One of the magical things about the Pythagorean Theorem is that there is an easy-to-remember 3-4-5 proportion that you can use to square anything. Basically, if side A equals 3 feet and side B equals 4 feet, then side C (the long side) will equal 5 feet.
Any combination of numbers proportional to 3-4-5 will work (3-4-5, 6-8-10, 12-16-20, 30-40-50, etc.).
For example: On any frame, measure 12 feet from the 90° corner and make a mark on the outside edge of the frame. Next, measure 16' from the same 90° corner along the adjacent framing, and make a mark. The space between the two pencil marks should be exactly 20'. If they are not, the frame is out of square and should be adjusted.
Another option for checking the square of a frame is to cross-measure the opposing corners. If the frame is square, the numbers will be equal.
Floor Joist Framing for Partitions, Openings, and Overhangs
The floor framing plan below shows examples where some features extend beyond the outside of the foundation (like a bay window). There are two framing options, depending on the direction of the floor joists.
Openings in the floor, such as stairwells, also require floor joists to be doubled on either side of the floor opening and require headers at each end.
These aren't the only scenarios where double-framing might be required, but these are the most common. If in doubt, add extra structure.
Floor Joist Layout
There are also two framing options where wall partitions are installed parallel to the joist direction. The first option is to double the floor-joist framing beneath the wall. The second option - with 2x spacers sandwiched between two floor joists - works best if you plan to route plumbing through the floor into the wall.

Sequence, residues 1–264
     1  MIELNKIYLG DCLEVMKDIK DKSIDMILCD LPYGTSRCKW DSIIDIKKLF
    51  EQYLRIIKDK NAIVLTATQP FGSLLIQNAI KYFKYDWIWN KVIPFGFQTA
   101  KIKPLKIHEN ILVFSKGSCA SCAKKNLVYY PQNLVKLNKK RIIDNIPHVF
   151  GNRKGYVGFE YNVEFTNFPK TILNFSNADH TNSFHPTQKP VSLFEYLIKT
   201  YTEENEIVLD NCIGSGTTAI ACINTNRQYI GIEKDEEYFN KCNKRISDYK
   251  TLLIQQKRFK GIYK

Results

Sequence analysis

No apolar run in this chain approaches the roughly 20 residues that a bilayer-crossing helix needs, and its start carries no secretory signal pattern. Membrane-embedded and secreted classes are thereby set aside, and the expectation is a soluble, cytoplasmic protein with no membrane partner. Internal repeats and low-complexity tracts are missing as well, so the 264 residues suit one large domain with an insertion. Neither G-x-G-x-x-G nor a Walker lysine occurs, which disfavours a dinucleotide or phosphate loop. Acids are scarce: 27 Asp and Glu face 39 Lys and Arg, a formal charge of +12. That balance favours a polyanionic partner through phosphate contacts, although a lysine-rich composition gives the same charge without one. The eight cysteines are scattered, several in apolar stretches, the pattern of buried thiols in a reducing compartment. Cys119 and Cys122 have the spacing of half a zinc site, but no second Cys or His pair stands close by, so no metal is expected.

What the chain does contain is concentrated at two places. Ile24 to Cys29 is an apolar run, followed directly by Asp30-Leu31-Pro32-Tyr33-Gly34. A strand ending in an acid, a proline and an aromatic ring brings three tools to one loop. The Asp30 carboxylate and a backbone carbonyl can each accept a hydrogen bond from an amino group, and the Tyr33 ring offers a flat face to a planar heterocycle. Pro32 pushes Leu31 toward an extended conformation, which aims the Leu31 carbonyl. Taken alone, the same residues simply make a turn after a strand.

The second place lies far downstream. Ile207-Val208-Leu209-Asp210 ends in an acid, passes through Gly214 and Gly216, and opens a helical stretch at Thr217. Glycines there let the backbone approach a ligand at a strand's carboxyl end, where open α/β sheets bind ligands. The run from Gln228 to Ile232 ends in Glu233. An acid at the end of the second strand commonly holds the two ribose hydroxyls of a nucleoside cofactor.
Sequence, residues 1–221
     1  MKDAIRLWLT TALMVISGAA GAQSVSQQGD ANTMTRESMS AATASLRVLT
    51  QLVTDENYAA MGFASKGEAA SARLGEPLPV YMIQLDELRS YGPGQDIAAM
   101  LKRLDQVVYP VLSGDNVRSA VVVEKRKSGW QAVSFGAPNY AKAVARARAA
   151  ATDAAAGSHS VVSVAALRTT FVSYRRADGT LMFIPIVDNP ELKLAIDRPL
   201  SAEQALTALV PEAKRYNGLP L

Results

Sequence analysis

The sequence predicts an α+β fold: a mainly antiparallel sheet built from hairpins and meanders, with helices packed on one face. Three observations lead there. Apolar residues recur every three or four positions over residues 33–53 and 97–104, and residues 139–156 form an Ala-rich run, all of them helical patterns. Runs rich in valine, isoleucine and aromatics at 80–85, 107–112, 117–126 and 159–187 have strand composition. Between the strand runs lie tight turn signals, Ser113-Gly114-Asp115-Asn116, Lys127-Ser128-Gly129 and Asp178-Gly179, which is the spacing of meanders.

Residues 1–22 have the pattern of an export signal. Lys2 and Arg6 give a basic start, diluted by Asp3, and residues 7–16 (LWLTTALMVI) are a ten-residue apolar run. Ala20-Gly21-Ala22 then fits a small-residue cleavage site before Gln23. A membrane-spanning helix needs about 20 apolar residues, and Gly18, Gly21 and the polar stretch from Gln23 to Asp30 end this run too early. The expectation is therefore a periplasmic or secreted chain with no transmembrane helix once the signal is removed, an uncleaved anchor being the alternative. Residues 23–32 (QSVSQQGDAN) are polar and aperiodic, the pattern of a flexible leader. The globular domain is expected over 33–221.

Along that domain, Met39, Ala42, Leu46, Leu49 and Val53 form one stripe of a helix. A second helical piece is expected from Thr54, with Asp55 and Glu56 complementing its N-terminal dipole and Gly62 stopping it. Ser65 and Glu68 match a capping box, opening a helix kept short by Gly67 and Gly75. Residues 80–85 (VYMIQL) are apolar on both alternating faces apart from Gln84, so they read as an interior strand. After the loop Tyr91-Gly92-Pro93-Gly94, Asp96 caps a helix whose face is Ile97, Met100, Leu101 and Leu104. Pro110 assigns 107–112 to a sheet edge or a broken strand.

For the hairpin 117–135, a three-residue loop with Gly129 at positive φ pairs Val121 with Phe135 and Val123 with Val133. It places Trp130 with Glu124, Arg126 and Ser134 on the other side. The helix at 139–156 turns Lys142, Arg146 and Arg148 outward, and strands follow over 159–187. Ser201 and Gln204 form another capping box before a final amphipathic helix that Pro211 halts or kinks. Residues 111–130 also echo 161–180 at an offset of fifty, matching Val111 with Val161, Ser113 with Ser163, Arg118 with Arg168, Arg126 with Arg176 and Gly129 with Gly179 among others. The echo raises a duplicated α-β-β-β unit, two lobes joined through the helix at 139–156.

Framing Floor Joists for Partition Walls
The diagram below shows typical floor joist layouts; one with 16" O.C. (on center) and the other with 24" O.C. spacing. Whatever the floor joist spacing, the process is the same - use a tape measure to lay out the joist header (at the desired spacing) and mark an X on the side of the line where the joists will attach.
Laying Out Joist Headers for Floor Joists
Additional structural framing required for floor openings or partition walls should be included in the floor joist layout while always maintaining the calculated spacing on the remaining joists.
When I design any structure, I like to use dimensions that make the most out of the material sizes. It helps to minimize cost and waste. The 16' x 24' floor plan described on this page makes the most use of almost the entire length of the 16' joists (or 8-footers if you choose that route) and every square inch of the 4x8 sheets of plywood decking.
First Floor Framing
The first level floor framing (in this example) ties to the sole plate bolted to a foundation wall.
For building code information regarding residential floor construction, go to the Wood Floor Framing section of the International Residential Code.
Second Floor Framing
The second-floor framing attaches to the double plate on top of the first-floor walls.
Floor Joist Span Tables - Determine the maximum joist spans for different species of lumber.
Ceiling Joists - How to design and frame a ceiling.